You can reduce your chances of being swindled by knowing who it is you are dealing with. This will help to protect you against getting involved with scam operators who set up companies, rack up debts then close up shop, leaving their debts behind. There are certain things to bear in mind when trying to protect yourself against scams.
The following organisations can also be of assistance:
The(ASA) may be contacted with complaints about any misleading promotions, as they may be in breach of the British Advertising Codes. The Advertising Codes are written and maintained by two industry bodies, the Committee of Advertising Practice (CAP) and the Broadcast Committee of Advertising Practice (BCAP). CAP is responsible for the non-broadcast Code and BCAP is responsible for the TV and radio Codes.
If a complaint is upheld, the advertiser is asked to amend their mailings. Should the advertiser fail to comply, CAP may also circulate an Ad Alert to members in the direct marketing industry, asking them to check advertising by the company with the CAP Copy Advice team before carrying their mailings.
If you wish to pursue a complaint about a misleading promotion you have received, you can write to the ASA describing clearly why you think the mailing is misleading, and enclosing the original mailing envelope (if possible).
Companies House has three main functions:
(DCMS) is responsible for legislative regulation of competitions and lotteries. They advise the public that where there is doubt about the authenticity of any particular scheme, they should not participate in it. If you want to take it further, pass it on to the police for possible investigation. The police are the enforcement authority on these matters; they investigate allegations of fraud or dishonesty.
Schemes which ask you to send money to people on a list then add your own name to the list and send out more copies of the letter are probably illegal under the Lotteries and Amusements Act 1976. The DCMS has responsibility for the legislation.
However, the law in this area is complex and only a court can say authoritatively whether a particular scheme is unlawful.
The(UK) Ltd (DMA) is Europe's largest trade association in the marketing and communications sector. It promotes best practice through DMA codes of conduct and the DMA awards, and provides up-to-the-minute information, research and legal advice.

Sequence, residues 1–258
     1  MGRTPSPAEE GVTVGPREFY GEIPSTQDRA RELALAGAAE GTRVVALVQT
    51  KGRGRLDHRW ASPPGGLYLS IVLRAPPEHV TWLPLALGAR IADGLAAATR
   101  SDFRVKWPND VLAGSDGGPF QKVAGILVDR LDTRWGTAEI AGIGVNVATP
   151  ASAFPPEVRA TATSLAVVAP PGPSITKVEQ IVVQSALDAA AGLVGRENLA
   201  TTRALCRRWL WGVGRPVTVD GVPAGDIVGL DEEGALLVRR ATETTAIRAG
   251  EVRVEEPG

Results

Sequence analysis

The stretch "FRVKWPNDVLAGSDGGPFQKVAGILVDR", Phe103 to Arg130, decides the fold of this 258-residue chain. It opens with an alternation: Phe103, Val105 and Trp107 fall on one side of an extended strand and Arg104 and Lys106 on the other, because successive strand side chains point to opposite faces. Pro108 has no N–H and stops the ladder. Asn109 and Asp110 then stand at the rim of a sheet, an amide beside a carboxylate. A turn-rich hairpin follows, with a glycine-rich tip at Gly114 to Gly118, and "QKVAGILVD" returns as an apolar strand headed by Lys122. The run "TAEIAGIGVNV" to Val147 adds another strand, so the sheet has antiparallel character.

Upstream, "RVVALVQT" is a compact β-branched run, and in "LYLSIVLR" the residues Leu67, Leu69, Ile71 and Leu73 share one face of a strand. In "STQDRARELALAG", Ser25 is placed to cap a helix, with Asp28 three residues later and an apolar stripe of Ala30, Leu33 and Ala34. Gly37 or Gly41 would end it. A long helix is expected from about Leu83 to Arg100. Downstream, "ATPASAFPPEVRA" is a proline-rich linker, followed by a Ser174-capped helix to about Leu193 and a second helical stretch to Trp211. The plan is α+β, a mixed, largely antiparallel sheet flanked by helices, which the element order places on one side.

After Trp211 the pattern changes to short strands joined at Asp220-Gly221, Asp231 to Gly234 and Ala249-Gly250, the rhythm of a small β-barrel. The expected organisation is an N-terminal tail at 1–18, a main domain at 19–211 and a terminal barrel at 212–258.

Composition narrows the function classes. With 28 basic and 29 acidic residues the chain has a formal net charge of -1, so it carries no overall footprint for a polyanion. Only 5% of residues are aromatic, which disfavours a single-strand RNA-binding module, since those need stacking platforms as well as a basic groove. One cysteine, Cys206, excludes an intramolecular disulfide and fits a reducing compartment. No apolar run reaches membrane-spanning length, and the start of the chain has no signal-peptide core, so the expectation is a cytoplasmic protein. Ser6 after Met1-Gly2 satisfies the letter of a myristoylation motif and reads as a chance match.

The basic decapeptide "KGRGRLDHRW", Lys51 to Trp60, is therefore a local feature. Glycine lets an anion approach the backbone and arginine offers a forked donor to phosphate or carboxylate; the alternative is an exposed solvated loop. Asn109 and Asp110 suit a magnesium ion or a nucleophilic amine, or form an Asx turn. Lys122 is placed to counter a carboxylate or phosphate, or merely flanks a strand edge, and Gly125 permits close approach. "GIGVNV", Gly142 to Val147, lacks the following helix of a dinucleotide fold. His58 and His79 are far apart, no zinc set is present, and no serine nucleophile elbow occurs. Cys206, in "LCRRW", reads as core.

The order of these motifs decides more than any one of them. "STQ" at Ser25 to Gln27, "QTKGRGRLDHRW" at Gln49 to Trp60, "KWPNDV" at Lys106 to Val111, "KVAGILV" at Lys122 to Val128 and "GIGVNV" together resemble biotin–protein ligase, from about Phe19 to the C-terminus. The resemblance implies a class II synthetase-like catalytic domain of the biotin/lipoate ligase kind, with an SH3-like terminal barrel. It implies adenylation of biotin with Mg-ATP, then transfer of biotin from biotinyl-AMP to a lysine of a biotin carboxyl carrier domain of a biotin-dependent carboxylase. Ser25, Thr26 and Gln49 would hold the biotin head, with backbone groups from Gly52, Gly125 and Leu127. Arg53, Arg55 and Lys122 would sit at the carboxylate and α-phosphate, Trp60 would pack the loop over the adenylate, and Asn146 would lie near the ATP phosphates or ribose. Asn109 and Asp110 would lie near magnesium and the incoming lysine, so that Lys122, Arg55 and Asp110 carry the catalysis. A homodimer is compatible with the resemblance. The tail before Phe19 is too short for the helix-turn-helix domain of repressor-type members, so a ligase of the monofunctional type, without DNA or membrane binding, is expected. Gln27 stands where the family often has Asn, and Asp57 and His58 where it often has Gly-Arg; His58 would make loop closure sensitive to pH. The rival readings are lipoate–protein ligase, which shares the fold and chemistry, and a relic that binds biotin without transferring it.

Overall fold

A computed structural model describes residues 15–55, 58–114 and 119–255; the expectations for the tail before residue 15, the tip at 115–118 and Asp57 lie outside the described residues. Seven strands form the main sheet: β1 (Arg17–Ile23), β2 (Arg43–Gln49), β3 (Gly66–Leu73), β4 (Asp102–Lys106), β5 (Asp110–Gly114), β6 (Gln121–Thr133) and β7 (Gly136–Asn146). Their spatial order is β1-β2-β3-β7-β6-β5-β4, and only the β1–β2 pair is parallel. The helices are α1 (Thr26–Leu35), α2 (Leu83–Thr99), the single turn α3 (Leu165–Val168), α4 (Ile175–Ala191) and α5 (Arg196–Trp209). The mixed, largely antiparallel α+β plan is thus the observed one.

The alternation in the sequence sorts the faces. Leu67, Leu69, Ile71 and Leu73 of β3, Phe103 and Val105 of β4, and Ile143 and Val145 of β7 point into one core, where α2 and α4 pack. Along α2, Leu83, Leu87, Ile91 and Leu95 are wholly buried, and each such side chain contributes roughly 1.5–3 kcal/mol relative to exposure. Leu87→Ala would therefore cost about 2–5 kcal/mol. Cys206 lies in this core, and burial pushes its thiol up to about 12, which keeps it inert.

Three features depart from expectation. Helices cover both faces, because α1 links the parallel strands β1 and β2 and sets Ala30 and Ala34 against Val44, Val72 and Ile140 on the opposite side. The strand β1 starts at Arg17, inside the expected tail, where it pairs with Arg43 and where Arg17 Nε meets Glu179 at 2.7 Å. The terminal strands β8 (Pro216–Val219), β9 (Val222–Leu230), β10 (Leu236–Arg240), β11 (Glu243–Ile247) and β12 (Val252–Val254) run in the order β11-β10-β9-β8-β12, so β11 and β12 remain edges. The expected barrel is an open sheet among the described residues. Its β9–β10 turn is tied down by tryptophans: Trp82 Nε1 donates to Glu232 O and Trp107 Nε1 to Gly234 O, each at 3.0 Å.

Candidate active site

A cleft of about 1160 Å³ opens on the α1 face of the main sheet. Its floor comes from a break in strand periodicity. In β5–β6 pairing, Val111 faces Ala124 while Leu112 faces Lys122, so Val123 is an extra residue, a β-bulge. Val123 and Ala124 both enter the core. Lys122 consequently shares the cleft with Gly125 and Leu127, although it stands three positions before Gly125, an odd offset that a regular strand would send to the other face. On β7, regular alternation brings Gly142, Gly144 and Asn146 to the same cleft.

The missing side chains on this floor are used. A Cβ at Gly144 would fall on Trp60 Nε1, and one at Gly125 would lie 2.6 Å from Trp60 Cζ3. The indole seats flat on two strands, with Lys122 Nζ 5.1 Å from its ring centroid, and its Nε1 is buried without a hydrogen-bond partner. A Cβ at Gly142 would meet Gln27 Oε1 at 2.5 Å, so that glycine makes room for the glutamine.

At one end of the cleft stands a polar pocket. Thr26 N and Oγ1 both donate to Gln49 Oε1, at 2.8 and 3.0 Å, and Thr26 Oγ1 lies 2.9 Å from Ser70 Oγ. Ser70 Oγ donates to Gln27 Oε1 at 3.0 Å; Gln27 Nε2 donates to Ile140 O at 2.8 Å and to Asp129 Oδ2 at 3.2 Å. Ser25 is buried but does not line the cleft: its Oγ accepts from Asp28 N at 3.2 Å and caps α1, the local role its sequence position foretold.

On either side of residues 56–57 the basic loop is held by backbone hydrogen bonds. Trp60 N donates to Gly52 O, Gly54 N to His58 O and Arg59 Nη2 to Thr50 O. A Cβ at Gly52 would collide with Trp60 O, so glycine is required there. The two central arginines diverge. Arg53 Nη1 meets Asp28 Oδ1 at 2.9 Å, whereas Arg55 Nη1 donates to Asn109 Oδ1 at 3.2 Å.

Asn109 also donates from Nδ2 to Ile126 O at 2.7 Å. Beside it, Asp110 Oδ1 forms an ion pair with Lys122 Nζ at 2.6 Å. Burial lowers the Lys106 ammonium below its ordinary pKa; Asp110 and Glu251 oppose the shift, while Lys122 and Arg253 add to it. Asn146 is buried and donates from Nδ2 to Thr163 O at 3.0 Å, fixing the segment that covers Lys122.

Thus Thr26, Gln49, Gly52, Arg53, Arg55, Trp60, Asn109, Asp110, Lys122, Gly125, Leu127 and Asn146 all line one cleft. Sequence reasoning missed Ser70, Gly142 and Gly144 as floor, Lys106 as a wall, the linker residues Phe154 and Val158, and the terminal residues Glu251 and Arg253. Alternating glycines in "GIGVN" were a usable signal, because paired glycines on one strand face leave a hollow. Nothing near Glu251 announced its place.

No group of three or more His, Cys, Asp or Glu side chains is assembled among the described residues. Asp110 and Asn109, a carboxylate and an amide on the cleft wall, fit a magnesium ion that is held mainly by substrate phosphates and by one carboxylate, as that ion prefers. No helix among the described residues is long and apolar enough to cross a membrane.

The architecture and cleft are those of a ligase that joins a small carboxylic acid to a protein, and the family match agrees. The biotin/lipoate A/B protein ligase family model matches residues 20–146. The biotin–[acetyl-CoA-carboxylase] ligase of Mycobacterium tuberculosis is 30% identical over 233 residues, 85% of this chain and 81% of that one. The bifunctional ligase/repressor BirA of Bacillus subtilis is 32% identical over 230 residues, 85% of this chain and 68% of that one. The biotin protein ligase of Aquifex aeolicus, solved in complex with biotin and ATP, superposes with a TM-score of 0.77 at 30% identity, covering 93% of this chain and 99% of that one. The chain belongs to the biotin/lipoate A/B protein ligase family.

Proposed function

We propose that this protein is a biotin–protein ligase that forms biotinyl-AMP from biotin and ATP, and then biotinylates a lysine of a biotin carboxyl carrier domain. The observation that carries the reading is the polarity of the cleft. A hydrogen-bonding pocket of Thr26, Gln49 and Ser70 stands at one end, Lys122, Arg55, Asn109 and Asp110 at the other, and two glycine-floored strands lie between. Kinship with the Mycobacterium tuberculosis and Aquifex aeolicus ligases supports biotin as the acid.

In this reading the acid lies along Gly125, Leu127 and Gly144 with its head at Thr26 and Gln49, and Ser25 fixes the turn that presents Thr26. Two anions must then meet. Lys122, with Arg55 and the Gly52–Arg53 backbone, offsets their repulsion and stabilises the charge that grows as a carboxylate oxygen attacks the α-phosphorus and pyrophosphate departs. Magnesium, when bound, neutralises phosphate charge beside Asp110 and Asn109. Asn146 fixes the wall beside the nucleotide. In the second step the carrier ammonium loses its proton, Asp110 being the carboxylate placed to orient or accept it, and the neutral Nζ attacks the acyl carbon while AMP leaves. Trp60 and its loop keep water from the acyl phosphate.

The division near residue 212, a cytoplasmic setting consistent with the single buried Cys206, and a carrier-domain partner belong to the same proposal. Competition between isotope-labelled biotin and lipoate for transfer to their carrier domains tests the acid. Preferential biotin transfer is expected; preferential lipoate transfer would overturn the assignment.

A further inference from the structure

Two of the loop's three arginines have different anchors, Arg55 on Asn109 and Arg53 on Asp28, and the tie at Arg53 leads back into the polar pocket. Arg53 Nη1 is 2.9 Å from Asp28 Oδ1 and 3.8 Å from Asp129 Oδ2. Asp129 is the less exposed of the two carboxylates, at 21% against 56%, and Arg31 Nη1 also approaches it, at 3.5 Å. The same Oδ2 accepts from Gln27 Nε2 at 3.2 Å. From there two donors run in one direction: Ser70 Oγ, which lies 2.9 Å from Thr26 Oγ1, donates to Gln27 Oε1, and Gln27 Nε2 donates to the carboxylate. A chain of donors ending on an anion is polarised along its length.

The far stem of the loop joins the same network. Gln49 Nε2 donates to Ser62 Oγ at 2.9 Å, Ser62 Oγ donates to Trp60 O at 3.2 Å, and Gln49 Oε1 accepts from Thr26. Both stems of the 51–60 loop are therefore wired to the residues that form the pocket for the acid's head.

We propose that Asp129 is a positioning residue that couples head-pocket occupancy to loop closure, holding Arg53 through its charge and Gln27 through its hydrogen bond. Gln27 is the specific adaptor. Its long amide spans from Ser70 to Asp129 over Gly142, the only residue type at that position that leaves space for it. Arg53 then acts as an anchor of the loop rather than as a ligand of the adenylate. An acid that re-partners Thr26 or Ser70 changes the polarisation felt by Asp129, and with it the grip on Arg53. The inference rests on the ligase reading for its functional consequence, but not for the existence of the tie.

The DMA manages programmes to protect consumers against bad practice and increase consumer trust, including the DMA Preference Services schemes and Trust UK for e-commerce.
The(DSA) is a trade association for the direct selling sector and seeks to promote:
The(PRA) is the statutory regulator responsible for regulation and supervision of banks, building societies, credit unions, insurers and major investment firms. It sets standards and supervises financial institutions at the level of the individual firm. It is part of the Bank of England.
regulates all premium rate telecommunications products or services - such as competitions, TV voting, helplines, adult entertainment, mobile ringtone and logo downloads, news alerts or interactive games - that are charged to users' phone bills or pre-pay accounts.
PhonepayPlus's purpose is to establish, maintain and ensure compliance with appropriate standards of protection for users of premium rate information and entertainment services, and in doing so, contribute towards the development of the industry. It can investigate complaints and has the power to fine companies and bar access to services. In addition, it offers free advice and guidance to both existing and new service providers.
Consumers can submit a complaint online by completing the online complaints form or alternatively they can telephone, fax, or write to PhonepayPlus.
enforces the regulations relating to telephone, fax, e-mail and SMS marketing.
(CMA) replaced the Office of Fair Trading in April 2014. It has an interest in 'scam' mailings that originate outside of the United Kingdom. You can contact them to complain about these mailings or to forward unwanted unsolicited mailings that you consider to be misleading or deceptive.
The CMA can pursue dishonest traders operating from other member states of the European Community. It has the power to seek an injunction to enforce existing consumer protection legislation emanating from European Directives. This includes law on misleading advertising.
Where the seller is based outside Europe, the CMA work with their counterparts overseas, under the auspices of the International Marketing Supervision Network. Their principal objective is to encourage practical action, through the co-operation of national regulatory bodies, to prevent and remedy cross-border marketing malpractices.
(RDO) (previously known as the Organisation for Timeshare in Europe) is the official trade association representing companies and individuals with legitimate interests in the timeshare industry.
The role of theis to stimulate innovation and enhance the international competitiveness of British industry and commerce. It provides a system, both national and international, for granting intellectual property rights.
Theworks in partnership with . They refer case details of scams and dishonest sellers to the relevant Trading Standards Service, so that they can take appropriate action. They also maintain a central database of all cases which allows Trading Standards Services to identify scams earlier, and ensure action is taken promptly.